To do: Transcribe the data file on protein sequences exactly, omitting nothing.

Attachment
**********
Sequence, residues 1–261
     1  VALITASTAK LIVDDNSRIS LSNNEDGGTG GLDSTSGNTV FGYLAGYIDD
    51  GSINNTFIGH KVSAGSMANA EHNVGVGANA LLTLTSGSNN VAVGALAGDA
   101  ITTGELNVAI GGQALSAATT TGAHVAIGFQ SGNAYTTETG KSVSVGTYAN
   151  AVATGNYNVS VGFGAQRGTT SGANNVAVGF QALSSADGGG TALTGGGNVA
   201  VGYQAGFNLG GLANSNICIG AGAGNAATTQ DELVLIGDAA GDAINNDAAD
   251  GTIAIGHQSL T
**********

Sequence, residues 1–261
     1  VALITASTAK LIVDDNSRIS LSNNEDGGTG GLDSTSGNTV FGYLAGYIDD
    51  GSINNTFIGH KVSAGSMANA EHNVGVGANA LLTLTSGSNN VAVGALAGDA
   101  ITTGELNVAI GGQALSAATT TGAHVAIGFQ SGNAYTTETG KSVSVGTYAN
   151  AVATGNYNVS VGFGAQRGTT SGANNVAVGF QALSSADGGG TALTGGGNVA
   201  VGYQAGFNLG GLANSNICIG AGAGNAATTQ DELVLIGDAA GDAINNDAAD
   251  GTIAIGHQSL T